‘Fair’ Profits in Venezuela
Venezuelan President Nicolás Maduro recently published a whopper of a decree: the "Organic Law of Fair Prices." Written without the consent of the legislature thanks to the extensive executive powers recently granted to him under dubious circumstances, the bill makes clear that doing business in Venezuela is a hazardous endeavor — and not just because ...
Venezuelan President Nicolás Maduro recently published a whopper of a decree: the "Organic Law of Fair Prices." Written without the consent of the legislature thanks to the extensive executive powers recently granted to him under dubious circumstances, the bill makes clear that doing business in Venezuela is a hazardous endeavor -- and not just because of the country's soaring crime rates.
Venezuelan President Nicolás Maduro recently published a whopper of a decree: the "Organic Law of Fair Prices." Written without the consent of the legislature thanks to the extensive executive powers recently granted to him under dubious circumstances, the bill makes clear that doing business in Venezuela is a hazardous endeavor — and not just because of the country’s soaring crime rates.
After a bland introduction in which it claims to seek "greater political efficacy and revolutionary quality in the construction of socialism," (sic) the bill quickly gets to the point. The first thing that jumps out is its claim to protect the incomes of all citizens … by setting maximum profits for everything.
Everyone the bill applies to (people or corporations, foreign or domestic, who do business in Venezuela) must submit all relevant information (costs, prices, production processes, etc.) that the government requires in order to set prices and margins.
The main regulatory arm of this mammoth law is the "National Superintendence for the Defense of Socio-Economic Rights," known by its Spanish acronym of SUNDDE. Putting aside the fact that its enormous task will require tens of thousands of employees, the very name spells out just how the government views private businesses: as something people need to be "defended" from.
The gist of the law is precisely what it says: everyone must submit their costs so that the government can set their margins and their prices. Everyone can be audited at any point in time. The maximum margin allowed is 30 percent of costs.
How will the government determine what counts as costs? The law is purposefully vague about this.
For example, suppose you are an international airline operating in Venezuela. What’s your cost of production? Should you bill the cost of the plane? How do you account for depreciation? What about currency risk? Or say you’re a novelist. What’s the cost of writing your book? Suppose you’re doing research on a new anti-malarial drug: how could you account for your costs under the current law?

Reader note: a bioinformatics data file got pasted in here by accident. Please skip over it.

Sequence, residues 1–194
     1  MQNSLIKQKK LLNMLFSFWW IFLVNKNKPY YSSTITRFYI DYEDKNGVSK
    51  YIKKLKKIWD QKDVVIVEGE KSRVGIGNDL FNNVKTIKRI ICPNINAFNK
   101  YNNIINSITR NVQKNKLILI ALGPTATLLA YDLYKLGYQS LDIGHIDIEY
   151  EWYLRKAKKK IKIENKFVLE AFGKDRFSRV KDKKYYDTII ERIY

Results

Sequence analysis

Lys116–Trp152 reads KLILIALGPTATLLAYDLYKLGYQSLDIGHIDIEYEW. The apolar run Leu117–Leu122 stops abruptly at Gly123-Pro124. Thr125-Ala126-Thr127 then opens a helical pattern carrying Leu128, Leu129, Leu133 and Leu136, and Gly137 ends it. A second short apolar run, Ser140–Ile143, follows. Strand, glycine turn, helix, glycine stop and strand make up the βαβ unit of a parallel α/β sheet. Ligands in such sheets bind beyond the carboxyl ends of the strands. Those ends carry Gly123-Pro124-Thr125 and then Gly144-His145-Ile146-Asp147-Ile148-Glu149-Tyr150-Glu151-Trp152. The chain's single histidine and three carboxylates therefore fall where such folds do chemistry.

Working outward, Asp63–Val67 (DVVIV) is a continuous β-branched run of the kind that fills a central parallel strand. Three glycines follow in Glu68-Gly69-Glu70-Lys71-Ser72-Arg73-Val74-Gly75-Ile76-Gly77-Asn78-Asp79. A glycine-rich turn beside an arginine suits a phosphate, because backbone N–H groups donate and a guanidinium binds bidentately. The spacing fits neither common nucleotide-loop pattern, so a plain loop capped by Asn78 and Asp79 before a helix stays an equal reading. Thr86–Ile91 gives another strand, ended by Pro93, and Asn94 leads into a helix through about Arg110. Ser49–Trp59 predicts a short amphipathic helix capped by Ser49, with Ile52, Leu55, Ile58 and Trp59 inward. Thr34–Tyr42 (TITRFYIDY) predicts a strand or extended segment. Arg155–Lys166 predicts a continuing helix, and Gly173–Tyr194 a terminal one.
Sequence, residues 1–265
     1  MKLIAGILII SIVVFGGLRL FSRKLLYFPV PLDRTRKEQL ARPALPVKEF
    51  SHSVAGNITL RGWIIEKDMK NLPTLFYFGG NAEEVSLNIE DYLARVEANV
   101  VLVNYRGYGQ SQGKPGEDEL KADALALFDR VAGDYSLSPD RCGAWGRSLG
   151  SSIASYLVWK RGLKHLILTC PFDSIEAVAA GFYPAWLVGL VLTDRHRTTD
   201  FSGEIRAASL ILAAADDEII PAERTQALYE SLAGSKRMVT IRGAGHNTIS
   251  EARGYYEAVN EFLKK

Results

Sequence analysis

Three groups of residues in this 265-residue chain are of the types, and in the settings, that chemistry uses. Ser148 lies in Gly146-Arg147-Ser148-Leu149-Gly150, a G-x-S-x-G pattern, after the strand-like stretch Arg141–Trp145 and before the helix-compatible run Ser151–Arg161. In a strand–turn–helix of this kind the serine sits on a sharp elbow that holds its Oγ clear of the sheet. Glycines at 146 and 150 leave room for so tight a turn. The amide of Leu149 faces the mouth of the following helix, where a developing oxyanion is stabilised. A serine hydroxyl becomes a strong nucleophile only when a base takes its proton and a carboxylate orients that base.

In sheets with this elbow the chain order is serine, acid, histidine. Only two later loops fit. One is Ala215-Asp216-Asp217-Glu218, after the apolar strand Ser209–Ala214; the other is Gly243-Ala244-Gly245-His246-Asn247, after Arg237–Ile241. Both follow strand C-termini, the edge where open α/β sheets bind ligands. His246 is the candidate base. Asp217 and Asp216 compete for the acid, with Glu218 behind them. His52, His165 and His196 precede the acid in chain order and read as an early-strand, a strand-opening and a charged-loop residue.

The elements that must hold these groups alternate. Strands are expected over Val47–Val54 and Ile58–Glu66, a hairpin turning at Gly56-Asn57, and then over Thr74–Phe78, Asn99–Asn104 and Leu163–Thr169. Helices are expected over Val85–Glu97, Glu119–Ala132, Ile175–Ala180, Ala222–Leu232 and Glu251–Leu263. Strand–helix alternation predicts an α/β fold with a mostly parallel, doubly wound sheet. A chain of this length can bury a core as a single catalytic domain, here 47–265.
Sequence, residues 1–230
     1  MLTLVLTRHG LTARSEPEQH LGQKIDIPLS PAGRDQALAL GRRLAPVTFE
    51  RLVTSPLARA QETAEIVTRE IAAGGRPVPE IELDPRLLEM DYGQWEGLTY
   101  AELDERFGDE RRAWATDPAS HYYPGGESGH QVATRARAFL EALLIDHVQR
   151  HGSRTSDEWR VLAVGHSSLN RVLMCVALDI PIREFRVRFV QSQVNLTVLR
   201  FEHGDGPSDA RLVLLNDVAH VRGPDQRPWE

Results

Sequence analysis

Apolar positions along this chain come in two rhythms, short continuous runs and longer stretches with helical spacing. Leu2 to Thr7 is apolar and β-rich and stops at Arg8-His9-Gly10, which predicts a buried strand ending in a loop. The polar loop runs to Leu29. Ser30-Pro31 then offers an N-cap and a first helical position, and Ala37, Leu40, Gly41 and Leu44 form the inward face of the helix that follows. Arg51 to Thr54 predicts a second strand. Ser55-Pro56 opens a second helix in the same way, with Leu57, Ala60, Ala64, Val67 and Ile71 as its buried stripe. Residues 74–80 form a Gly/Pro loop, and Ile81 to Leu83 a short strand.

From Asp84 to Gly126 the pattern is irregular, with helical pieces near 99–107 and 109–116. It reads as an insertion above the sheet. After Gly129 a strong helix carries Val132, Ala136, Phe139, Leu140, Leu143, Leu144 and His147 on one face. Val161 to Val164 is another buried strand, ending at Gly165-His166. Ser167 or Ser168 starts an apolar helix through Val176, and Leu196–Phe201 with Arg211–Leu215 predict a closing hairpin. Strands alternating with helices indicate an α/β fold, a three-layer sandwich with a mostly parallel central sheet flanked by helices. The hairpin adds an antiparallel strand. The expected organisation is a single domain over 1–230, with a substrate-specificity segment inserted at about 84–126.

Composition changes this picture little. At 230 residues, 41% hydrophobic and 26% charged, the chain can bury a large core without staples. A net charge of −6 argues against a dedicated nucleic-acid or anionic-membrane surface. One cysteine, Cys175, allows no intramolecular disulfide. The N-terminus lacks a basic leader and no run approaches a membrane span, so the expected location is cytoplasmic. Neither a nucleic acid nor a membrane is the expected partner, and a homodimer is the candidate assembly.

It doesn’t matter. The government will decide what your costs are, and only allow you to set prices up to a maximum of 30 percent above that. End of story.
What is the penalty for not submitting to this bill? The bill explicitly threatens everyone with expropriation without compensation. In fact, it raises the specter of expropriation in the very first pages of the bill, even before it’s outlined what the bill requires people to do. But that’s not all.
Most menacingly, the bill threatens companies or people who are found to be non-compliant with all sorts of sanctions, including a ban on engaging in economic activities for up to ten years. People selling at prices higher than the ones set by the government face jail sentences of eight to ten years. If you are found to be "hoarding," you also face stiff jail sentences. Indeed, the government has already begun jailing businessmen, even though the law just came into force.
The bill is full of non-sequiturs. For example, after outlining an enormous regulatory burden for companies, the bill says it is guided by a principle of administrative "simplicity," and that all paperwork must be kept to a minimum. It also claims to be regulating prices, margins, and costs, all without acknowledging that if you control costs and margins, you are automatically setting the price.
The effect of the bill is clear: entrepreneurship in Venezuela is now an illegal activity. Thanks to this bill, the basic freedoms that should guide any society — freedom to innovate, private property, even the right to a fair trial — have essentially been taken away. Everyone, from lowly street vendors to the executives of multinational corporations, runs the danger of landing in a Venezuelan jail if a government bureaucrat thinks they are charging too much.
Of course, the probable outcome is that the law is only selectively applied, and that the bureaucrats let businesses off the hook in exchange for paybacks. But this hardly seems like an enticing environment in which to do business.
In a country teetering on the brink of recession and social chaos, the government has essentially told businesspeople that it doesn’t really respect their right to exist. This bill could well be the final nail in the coffin of Venezuela’s private businesses.
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